Couple file lawsuit after failed abortion attempt

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The Planned Parenthood medical office in Albuquerque is where a woman from Idaho traveled to terminate her pregnancy in 2016. (Roberto E. Rosales/Albuquerque Journal)

Copyright © 2019 Albuquerque Journal

Using the last of their financial resources, an Idaho couple traveled more than 700 miles to Albuquerque in February 2016 to terminate a pregnancy that they say they could not afford.

But the medication provided to induce the abortion ultimately failed, and unable to pay for a follow-up procedure, the two now want Planned Parenthood and others to shoulder the cost of raising “an additional unplanned child.”

According to a lawsuit filed last week, Bianca Coons was about six weeks pregnant when she and her partner, Cristobal Ruiz, made the trip to avoid Idaho’s mandatory waiting period, which would “result in the baby being much more advanced in development.”

The family of four was “destitute and attempting to maintain and limit the size of their family.”

A medication abortion, also known as the abortion pill, uses two different medications to terminate a pregnancy in its early stages, according to Planned Parenthood’s website. The procedure causes an abortion in 94 to 98 out of 100 cases when a woman is eight or fewer weeks pregnant, according to the organization. The abortion medication can be used in the first 10 weeks of pregnancy.

The lawsuit says Coons took the first medication at the Planned Parenthood clinic on San Mateo and was given instructions to take the second later.

The family returned to Boise, and the next day, Coons went to an emergency room with severe nausea. She was treated for dehydration and learned that her baby was fine and had a strong heartbeat.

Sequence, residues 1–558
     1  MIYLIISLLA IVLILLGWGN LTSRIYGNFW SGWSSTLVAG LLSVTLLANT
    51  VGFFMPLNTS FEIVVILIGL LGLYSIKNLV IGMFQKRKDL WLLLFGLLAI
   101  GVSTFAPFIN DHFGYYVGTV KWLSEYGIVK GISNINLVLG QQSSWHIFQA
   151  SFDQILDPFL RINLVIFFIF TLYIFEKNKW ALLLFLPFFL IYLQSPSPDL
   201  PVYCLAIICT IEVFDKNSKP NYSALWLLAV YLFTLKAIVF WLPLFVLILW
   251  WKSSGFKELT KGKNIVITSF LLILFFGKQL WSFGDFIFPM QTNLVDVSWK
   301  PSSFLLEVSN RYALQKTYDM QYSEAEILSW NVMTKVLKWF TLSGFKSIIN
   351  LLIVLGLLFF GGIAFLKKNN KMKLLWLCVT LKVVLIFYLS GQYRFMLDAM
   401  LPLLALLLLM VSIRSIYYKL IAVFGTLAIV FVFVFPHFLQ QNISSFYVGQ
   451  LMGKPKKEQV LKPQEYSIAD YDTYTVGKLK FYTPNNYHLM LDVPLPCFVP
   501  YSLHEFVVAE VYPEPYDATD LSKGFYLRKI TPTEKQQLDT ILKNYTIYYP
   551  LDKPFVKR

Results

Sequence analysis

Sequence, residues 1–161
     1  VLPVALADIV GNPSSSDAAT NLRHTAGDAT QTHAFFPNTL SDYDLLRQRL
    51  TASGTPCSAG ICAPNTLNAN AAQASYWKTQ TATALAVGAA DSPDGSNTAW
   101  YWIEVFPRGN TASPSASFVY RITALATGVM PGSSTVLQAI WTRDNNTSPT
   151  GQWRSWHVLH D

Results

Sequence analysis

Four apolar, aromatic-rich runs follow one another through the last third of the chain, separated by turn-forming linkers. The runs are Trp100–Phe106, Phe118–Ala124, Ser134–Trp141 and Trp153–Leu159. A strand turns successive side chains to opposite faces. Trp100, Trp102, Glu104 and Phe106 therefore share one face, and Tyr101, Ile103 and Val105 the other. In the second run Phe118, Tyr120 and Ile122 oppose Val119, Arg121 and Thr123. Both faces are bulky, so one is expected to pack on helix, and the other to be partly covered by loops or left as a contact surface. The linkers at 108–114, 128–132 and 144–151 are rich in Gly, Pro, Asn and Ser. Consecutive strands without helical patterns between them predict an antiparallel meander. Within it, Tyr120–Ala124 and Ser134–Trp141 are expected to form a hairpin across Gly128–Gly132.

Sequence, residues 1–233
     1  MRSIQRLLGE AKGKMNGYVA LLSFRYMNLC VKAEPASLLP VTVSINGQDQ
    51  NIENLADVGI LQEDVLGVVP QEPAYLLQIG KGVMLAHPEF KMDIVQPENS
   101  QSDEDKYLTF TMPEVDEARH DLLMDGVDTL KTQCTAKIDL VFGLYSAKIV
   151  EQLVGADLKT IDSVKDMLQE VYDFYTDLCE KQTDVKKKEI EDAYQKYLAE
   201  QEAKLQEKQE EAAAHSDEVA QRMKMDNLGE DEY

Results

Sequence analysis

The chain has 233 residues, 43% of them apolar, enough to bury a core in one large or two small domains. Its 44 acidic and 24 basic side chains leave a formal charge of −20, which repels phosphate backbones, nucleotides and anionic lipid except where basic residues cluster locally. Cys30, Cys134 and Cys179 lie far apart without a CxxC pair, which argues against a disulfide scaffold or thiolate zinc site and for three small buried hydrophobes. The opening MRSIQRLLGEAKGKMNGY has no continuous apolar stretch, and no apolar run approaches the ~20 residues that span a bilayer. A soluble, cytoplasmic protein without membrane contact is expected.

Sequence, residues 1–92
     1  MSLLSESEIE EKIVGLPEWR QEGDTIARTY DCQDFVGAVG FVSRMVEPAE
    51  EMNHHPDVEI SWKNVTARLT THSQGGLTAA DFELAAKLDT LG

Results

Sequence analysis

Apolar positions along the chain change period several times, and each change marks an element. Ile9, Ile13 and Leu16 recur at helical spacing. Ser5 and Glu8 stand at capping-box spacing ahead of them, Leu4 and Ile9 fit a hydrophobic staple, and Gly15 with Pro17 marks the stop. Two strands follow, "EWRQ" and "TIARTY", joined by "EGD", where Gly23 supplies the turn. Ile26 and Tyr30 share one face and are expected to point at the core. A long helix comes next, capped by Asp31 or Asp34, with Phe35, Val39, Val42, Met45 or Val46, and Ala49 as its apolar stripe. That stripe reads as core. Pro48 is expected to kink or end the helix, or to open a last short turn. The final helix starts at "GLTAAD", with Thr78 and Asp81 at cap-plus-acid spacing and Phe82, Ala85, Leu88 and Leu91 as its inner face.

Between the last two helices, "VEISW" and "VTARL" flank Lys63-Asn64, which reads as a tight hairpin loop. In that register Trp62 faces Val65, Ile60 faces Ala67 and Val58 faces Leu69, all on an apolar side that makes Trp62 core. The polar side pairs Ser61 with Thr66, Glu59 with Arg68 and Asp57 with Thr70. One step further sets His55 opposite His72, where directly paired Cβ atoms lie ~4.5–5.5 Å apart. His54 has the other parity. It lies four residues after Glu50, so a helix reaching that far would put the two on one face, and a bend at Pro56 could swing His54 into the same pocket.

A doctor there contacted Planned Parenthood and was told that Coons should take the next round of medication, which her attorney, John McCall, said she did. McCall declined to comment further on the lawsuit.

Days later, Coons spoke with Planned Parenthood staff who told her she should take a blood test to determine whether the medication worked. During that conversation, according to the lawsuit, Coons said she would like to have a second medication abortion if she was still pregnant.

The staff member told her she could receive a second procedure free of charge if she returned to New Mexico or she could visit a clinic in Idaho where she would have to pay for additional procedures, the lawsuit says.

By early March, a still-pregnant Coons told a Planned Parenthood staff member that she could not afford “a second round of the abortion protocol.”

The lawsuit also says, “The fetus had now developed to somewhere around nine weeks. Ms. Coons could not morally sanction further action to terminate the fetus.”

Planned Parenthood then sent a letter to Coons warning that the medication she had taken can cause birth defects.

The couple’s son was born a month early “with jaundice and blood sugar issues.” And the family continues to worry that he “may carry a defect or injury into adulthood.”

“The defendant’s failure to properly supervise and administer the abortion service directly resulted in the failure of the pregnancy termination which resulted in injury to plaintiffs’ interests in family planning and their interests in financial planning for the future of their family,” the lawsuit says.

In addition to $765,000 in compensatory damages, the couple are seeking damages for breach of contract, unfair trade practices, violation of consumer protection laws and emotional distress, among other claims.

Named as defendants are two Planned Parenthood branches, the hospital in Boise where Coons sought treatment, and various medical personnel. It’s unclear where Ruiz and Coons live now.

The Planned Parenthood website says that in the “unlikely event that you are still pregnant” after the procedure, “you may need another dose of medication or to have an in-clinic abortion to end the pregnancy.”

In a statement, a spokeswoman for Planned Parenthood said she was unable to comment on pending litigation, and out of respect for patient privacy, she could not discuss specific patients.

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